Mother's Day is a great time for remembering mom. If all goes well. But t can also be a great time for mom to get a reality check. Like the time I went to a church meeting on Mother's Day and the speaker said in a glowing report that in his ten years of marriage he'd never once seen his house messy. I don't know what else he said, I was just stuck on that sentence. In the same decade that my husband and I had been together, I think he saw it clean maybe once or twice.
So another decade has passed since the perfect-wife assault and I've given up on the whole feel-guilty-about-my-housekeeping-skills thing. Boring people keep clean houses. My friend recently said that and I love it. As a matter of fact, I've been going along thinking I might just be pretty successful at this whole mothering job, until last week. I was driving my usually-sweet fifteen-year-old home from school, and she asked me what I want for mother's day. That is sweet, isn't it?
But before I go on with the story, I have to backtrack a bit. For my first twenty years of mothering, I used the standard, "I don't need anything" line for mother's day. But since I have mothers too, I am sympathetic to how utterly unhelpful that is. My mother and mother-in-law are both getting flowers, by the way, which I think is totally fine. But I have raised very practical children who hate to spend their hard-earned and meager supply of money on anything frivolous. So last year, when posed the question, I pointed out that many supplies in my kitchen could stand to be replaced - my measuring cups have the amounts worn off, the spatulas are ragged, wooden spoons are stained with red jello, etc. So on mother's day I got a nice collection of measuring devices and tools that I have enjoyed all year. This year I was out in my yard doing some work and realized that I could use some tools out there. In fact, as I worked, I could think of a whole list of things that would come in handy.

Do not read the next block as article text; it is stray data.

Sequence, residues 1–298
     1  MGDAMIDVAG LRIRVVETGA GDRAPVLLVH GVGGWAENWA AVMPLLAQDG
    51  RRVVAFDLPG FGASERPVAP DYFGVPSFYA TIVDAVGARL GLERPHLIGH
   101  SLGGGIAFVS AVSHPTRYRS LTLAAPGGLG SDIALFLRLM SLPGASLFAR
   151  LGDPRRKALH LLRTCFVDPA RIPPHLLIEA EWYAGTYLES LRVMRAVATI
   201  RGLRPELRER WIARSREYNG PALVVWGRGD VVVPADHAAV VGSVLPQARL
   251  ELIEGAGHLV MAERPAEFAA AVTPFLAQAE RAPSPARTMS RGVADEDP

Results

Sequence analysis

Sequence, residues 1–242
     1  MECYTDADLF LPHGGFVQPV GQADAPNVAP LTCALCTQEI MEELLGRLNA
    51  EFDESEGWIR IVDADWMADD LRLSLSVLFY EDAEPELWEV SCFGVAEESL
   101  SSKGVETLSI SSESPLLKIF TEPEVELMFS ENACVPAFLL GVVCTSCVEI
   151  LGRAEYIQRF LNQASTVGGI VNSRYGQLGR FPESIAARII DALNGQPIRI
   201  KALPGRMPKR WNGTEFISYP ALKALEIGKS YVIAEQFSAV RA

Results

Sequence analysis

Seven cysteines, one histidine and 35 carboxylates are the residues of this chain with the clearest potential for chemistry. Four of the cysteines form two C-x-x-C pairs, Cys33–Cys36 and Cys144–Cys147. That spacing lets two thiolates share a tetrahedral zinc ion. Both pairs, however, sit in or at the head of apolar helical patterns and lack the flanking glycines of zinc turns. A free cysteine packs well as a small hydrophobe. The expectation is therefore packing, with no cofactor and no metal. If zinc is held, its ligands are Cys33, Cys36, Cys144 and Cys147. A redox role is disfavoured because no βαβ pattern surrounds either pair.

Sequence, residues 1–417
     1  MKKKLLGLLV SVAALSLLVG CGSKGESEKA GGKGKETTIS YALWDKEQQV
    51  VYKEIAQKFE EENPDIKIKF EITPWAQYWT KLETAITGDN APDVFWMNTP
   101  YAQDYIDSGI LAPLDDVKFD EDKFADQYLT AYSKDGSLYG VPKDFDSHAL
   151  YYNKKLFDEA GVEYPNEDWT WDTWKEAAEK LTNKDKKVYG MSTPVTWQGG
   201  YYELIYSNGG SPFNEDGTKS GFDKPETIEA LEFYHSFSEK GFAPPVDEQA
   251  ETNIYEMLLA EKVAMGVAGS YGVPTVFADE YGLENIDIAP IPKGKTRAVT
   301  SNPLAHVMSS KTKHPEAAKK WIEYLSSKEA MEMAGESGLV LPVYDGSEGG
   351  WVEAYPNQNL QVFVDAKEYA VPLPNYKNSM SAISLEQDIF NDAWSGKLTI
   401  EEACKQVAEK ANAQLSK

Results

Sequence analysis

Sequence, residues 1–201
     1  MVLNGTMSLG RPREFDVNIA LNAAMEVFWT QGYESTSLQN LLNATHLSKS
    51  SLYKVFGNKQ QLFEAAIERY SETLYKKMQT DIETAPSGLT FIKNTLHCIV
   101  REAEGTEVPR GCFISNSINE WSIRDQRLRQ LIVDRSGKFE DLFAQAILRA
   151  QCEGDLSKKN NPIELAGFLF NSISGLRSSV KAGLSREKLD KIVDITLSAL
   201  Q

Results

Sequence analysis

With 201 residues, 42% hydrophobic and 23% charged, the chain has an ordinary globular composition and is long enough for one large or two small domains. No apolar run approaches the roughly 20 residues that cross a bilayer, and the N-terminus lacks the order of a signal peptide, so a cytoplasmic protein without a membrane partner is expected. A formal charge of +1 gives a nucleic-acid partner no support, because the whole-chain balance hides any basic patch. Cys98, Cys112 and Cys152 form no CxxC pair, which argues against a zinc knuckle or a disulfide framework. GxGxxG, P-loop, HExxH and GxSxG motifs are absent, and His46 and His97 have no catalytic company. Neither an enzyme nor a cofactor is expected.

Which brings me to my daughter's question of what I wanted for mother's day. My answer was, "All kinds of things." I should point out that I was smiling and using a teasing voice. Please tell me you can hear the teasing in my voice? Because my daughter's reply was, "You always want tons of stuff." Shall I say that again? "You always want tons of stuff." That's right. That's what she said. When I pressed her for what she was talking about, she referred to the measuring cups, spoons, and spatulas from last year. We're not exactly talking diamonds! I wanted to say that. But I didn't. I was just stunned.
Then she said my favorite quote of the week. "You have to remember Mom, you only have five kids." Yes. That is really, truly, what she said. I only have five kids. I'm thinking that about a week after she's given birth to her second child will be the perfect moment to give her a copy of this blog. Only five kids.
My vindication came last weekend when all the children were gathered, and they asked me what I wanted for mother's day. They were properly mortified when I repeated the conversation with their sister. They sent her out of the room in order to extract the gardening hint out of me.
I don't know what I'll end up getting, although I have a pretty good idea about the little package my second-grader brought home from school today. And that's all I really want - a little reminder that I matter. After all, I only have five kids.